Greenway Golf, City Embroiled in Legal Conflict
Greenway Golf, City Embroiled in Legal Conflict
Greenway Golf Associates (GGA) filed a cross-complaint against the City of Alameda with the Superior Court of California in response to the city’s suit against Greenway over management concerns at the Chuck Corica Golf Complex.
GGA operates and manages the Chuck Corica Golf Complex, located at 1 Memorial Clubhouse Road, under a 2012 lease agreement with the city, which was amended in 2018. GGA’s cross-complaint was filed on Sept. 9 by Oakland-based law firm Burke, Williams & Sorensen on behalf of GGA’s majority shareholder Umesh Patel. The suit alleges, among other things, around Oct. 2021 the city began a campaign to trigger a “material default” that would enable the city to terminate GGA's lease.
“Greenway’s claims in this cross-complaint arise from the city’s campaign of harassment, false or baseless accusations, and character assassination directed at Greenway and its majority owners, the Patels, in a concerted and premeditated effort… to strip Greenway and the Patels of their contractual rights under the lease,” reads the cross complaint.
The suit states the city aims to “exercise operational and financial control of the complex” to ensure that “its political supporters receive full access to prime-time tee times and discount pricing.”
The city denies GGA’s assertions.
“The city categorically rejects the claims raised in Greenway’s cross-complaint and looks forward to vindicating the city’s and the community’s rights in the litigation,” wrote City of Alameda Public Information Officer Sarah Henry in an email to the Sun.
Henry says the city’s suit was caused by GGA breaching several clauses of the lease.
On March 2, GGA minority shareholder Marc Logan filed a lawsuit against GGA, GGA director Todd Lee and Patel in Alameda County Superior Court, according to the city’s suit. Logan alleges he had not received $709,000 plus interest owed to him from Patel. He also alleges Patel used GGA funds and a Small Business Administration loan, not his own funds, to pay off a GGA bank loan and he had not yet personally financed improvements to the complex’s North Course, a clause in the shareholder agreement.
Logan hired a forensic accountant to review GGA’s books and records. The accountant’s final report alleges Patel committed “serious financial improprieties” regarding GGA in 2020 and 2021.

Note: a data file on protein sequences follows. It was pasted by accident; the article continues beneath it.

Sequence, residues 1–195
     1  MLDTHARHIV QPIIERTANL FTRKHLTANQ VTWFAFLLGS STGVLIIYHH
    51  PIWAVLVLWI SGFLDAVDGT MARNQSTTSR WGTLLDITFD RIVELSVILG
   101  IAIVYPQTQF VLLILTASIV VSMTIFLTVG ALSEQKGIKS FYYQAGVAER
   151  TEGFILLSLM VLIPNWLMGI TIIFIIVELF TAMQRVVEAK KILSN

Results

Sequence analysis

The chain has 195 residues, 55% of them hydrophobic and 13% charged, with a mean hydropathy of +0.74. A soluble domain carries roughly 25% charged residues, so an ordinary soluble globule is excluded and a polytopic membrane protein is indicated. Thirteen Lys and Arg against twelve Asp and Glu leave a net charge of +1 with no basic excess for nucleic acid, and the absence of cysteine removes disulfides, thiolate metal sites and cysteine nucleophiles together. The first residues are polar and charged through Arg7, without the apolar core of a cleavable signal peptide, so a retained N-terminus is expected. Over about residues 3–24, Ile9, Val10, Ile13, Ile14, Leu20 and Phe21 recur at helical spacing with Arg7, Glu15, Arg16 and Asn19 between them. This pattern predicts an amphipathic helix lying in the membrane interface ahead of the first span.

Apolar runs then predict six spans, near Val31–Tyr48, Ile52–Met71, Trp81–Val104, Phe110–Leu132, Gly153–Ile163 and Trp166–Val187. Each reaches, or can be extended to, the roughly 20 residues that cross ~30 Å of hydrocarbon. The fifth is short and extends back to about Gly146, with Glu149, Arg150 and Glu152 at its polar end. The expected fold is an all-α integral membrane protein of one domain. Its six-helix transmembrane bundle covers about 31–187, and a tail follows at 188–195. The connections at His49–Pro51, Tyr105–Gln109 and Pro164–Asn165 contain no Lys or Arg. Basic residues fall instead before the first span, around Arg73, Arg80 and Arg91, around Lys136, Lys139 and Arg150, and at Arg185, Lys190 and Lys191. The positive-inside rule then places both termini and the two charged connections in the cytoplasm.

On March 21, the city notified Patel it wanted to conduct “an audit of GGA’s records pursuant to Section 5.7 of the lease,” as a result of Logan’s suit and the halting of construction on the North Course in December 2021.
“Greenway has refused to permit the city’s lawful request for access and review of Greenway’s books and records by city finance staff, which constitutes a material breach of Greenway’s lease obligations with the city,” wrote Henry.
Section 5.7 reads, “The city reserves the right to designate its representatives who shall have the right to audit tenant's accounting procedures and internal controls of tenant's financial system and to examine any books, records, statements or supporting documentation as it relates to gross revenues from the operation of the premises, or any other items set forth in this agreement.”
The city also asserts GGA breached the lease by failing to resolve the drainage and irrigation issues on the North Course and violated the covenant of good faith and fair dealing with the city.
GGA believes the city breached Section 3.2 of the lease, which reads GGA “shall have the exclusive right and authority to operate and manage the [golf complex] as [GGA] deems appropriate.” The cross-complaint states the city breached this clause by falsely accusing GGA of making improper staffing decisions; falsely accusing GGA of improperly setting or raising rates; falsely accusing GGA of irregularities in its accounting systems and more.
GGA’s suit also claims the city breached the agreement’s implied covenant of good faith and fair dealing and should be responsible for expenses GGA incurred while defending a lawsuit from Abdul and Priscilla Nevarez. The Nevaraz’s claimed there were ADA violations at Jim’s on the Course and the complex’s parking lot. Jim’s on the Course is a restaurant located at the complex. “Under the terms of the First Amendment, the city agreed to ‘repair, resurface and restripe’ the parking lot, states GGA’s cross-complaint.
GGA is seeking compensatory damages according to proof; attorneys’ fees and costs incurred in this action; and further relief that the court deems just. The city is also seeking attorneys’ fees, compensation for damages, and a restraining order to complete the audit.
Patel and his wife, Avani, acquired an ownership interest in Greenway in 2019. In 2020, Patel became the majority shareholder after purchasing additional shares.